Alexis’s belief that business could make a difference on social issues was rekindled on a trip to Bangladesh, where she visited the Grameen Bank, founded by Nobel Prize laureate Muhammad Yunus. Upon her return, she was eager to build a similar community of like-minded people, which led her to co-found Emersense, a project in social entrepreneurship formed with colleagues Matthias Reisinger and Hinnerk Hansen.

From there, they found out about the London-based Impact Hub, then a rising global network of co-working spaces and social entrepreneurship. In 2010, with her Emersense co-founders, she started the Vienna Impact Hub (VIH) in the heart of the bohemian 7th district.

What was first regarded with skepticism, has become one of the most iconic locations on the city’s innovation map. It has also played a pivotal role in building the startup and social entrepreneurship ecosystems in Vienna and helping shape the political agenda around these issues. Among their most notable projects is the Social Impact Award, a project of the Vienna University of Economics and Business (Wirtschaftsuniversit.t Wien).

Now a board member of the VIH, Alexis is proud of what the team has achieved, while she is “still dreaming of the moment when every entrepreneur will get unrestricted support.” Beyond this, she also hopes to mobilize support for environmental sustainability: “Sustainability is common sense and survival. Everyone who cares about life should care about sustainability.”

It’s about making society more egalitarian and finding business solutions that are more respectful of nature, she said. She currently works with large organizations to support their change processes. From here, together with the VIH, she is “looking into the next 10 years,” hoping to create multi-stakeholder, innovation ecosystems focused on climate and regional development. She is a strong believer that you can always find people who care and are willing to lend support. Her leitmotif, in business as in life, is DREAM, BELIEVE and ACT.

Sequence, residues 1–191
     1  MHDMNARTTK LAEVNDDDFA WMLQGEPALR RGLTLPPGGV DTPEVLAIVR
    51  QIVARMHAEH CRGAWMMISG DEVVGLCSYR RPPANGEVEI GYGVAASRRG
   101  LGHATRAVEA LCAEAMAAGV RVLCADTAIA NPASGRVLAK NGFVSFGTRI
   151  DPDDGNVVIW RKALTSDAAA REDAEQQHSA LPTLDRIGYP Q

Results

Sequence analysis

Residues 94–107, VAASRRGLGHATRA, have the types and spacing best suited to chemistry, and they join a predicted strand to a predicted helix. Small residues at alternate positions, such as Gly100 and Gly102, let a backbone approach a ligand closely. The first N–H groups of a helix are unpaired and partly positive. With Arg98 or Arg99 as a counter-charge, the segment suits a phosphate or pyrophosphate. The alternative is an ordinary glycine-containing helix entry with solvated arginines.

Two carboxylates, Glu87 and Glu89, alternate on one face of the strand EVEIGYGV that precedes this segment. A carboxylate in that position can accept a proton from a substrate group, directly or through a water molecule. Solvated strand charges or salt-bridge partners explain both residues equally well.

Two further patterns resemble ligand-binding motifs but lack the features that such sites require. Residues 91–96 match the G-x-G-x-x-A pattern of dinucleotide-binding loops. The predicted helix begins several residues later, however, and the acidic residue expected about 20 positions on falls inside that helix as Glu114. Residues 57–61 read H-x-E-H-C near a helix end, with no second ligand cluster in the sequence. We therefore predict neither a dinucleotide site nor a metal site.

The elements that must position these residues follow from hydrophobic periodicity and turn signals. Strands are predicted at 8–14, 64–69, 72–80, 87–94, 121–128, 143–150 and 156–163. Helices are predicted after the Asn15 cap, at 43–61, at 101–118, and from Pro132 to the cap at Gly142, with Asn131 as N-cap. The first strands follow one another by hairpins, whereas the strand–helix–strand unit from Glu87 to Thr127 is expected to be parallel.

(C) Fruzsina Jelen

Creativity From Necessity

Vlad Gozman, founder of TEDxVienna, is also originally from Romania. Born in Arad, in the west of the country, he is long since a local.

At first, he didn’t get much support. “Locals here are generally rather cautious when it comes to new things,” Vlad admitted. Nevertheless, Vienna was definitely a conscious choice, as he was “searching for the antithesis to Bucharest.” Vienna offered “just the right contrast to communist-era housing blocks, unreasonable traffic congestion and systemic corruption.”

“The drive to create something is perhaps rooted in necessity more than anything else,” he said. “Much like for many other foreigners, as almost half of all entrepreneurs in Vienna have migrant backgrounds.”

But necessity alone is never enough. “It’s always a blend of circum- stance, opportunity and hard work,” he said. Founding TEDxVienna in 2010 was one instance where chance came into play – his “intricate integration strategy, to find internationally oriented communities.” To his great surprise, he quickly found out that the only way to join TEDx- Vienna was to create it himself: “Though scared of many unknowns, I was intrigued by the idea of having something of my own in a city where I had nothing else.”

With Austrian Startups, Vlad considers himself “lucky to meet and work alongside visionary people” who were laying the groundwork for what the startup ecosystem has become today. A startup founder him- self (his current venture is the user engagement platform, Gozman is fond of what the Spengergasse cluster – “a pool of motley, bubbling heads out of which something like Austrian Startups was bound to spring out” – has achieved in the decade since.

What would further increase the attractiveness of Vienna to entrepreneurs would be “more diversity and competition among infrastructure providers,” he says, from community and mentoring, to access to growth capital.

With their energy, creativity, openness and “getting things done” mind-set, Michael Ioniţă-Ganea, Alexis Eremia and Vlad Gozman have achieved important successes and made Vienna a more entre- preneurial, open-minded, progressive and colorful place. Through their work they continue to inspire new generations of young entrepreneurs, creatives and social innovators who are lucky to call Vienna their home.